Large beer companies have always been competitive, but that competition spilled over into the national consciousness last month when Bud Light’s Super Bowl ads took a direct swipe at Miller Lite and Coors Light for containing “corn syrup.” As I noted, that attack is misdirected and confusing to consumers, but that hasn’t stopped both Anheuser-Busch InBev and MillerCoors from trading barbs back and forth for weeks. The rift became serious enough to derail a tentative pro-beer marketing partnership between America’s largest breweries, and it’s still not over. Today, Coors Light announces a new promotion to “turn the conversation back to what people really want” by “turning negativity into free Coors Light.”
The press release notes consumers are tired of hearing about the corn syrup controversy and would rather focus on the beer. Amen! Except this campaign to “refresh the beer wars conversation” just furthers the spat. Here’s how it works: Bars in select cities—New York, Philadelphia, Dallas, Omaha and Las Vegas—around the country can install specially designed Coors Light tap handles that light up whenever Bud Light attacks Coors on social media or broadcast media. When the tap handle lights up, the whole bar receives a round of free Coors Light. So, in effect, it continues to keep consumers’ focus on which-brewery-said-what on social media.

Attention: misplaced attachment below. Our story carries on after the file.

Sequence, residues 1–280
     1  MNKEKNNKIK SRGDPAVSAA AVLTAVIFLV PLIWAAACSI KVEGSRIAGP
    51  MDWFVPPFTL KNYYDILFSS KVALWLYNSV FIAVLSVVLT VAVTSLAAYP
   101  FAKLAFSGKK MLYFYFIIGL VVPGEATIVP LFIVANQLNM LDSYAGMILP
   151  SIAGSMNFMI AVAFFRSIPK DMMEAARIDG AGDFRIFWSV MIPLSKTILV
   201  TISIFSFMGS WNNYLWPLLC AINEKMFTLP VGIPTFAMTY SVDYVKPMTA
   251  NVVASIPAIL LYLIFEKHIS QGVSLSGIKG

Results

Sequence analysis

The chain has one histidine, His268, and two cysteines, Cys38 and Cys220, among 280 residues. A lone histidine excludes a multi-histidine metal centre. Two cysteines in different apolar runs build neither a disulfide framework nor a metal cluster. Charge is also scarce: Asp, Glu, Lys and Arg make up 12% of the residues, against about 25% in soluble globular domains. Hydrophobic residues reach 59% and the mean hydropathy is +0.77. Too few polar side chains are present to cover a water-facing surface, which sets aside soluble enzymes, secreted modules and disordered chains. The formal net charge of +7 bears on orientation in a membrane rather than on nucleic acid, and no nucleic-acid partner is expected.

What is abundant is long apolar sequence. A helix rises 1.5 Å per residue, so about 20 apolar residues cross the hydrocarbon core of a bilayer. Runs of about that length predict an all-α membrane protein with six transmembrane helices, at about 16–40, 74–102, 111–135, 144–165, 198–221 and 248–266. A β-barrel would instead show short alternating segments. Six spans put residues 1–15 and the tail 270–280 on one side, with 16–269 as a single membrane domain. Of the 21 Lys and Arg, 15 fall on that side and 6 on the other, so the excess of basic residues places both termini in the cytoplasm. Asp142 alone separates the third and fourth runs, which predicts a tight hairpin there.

“Bud Light has been attacking us out of frustration for weeks now,” Ryan Reis, vice president of brand marketing for Coors brands said in a statement. “We believe people just want to move on. So we invented this smart beer tap that does the listening for them—and even better, turns Bud Light’s negativity into rounds of Coors Light on us.”
Though it claims the high road, Coors is just furthering the tit-for-tat. This isn’t even about the beer anymore; it’s just a distracting squabble between two big beer companies. Are we still arguing over corn syrup, or is this just a corporate vendetta now? Reis is correct in assuming people just want to move on, but to this reporter, Coors Light’s new campaign does little to further that. I still hold out a bit of hope for the day, years from now, when we can look back and ask, “What corn syrup thing?”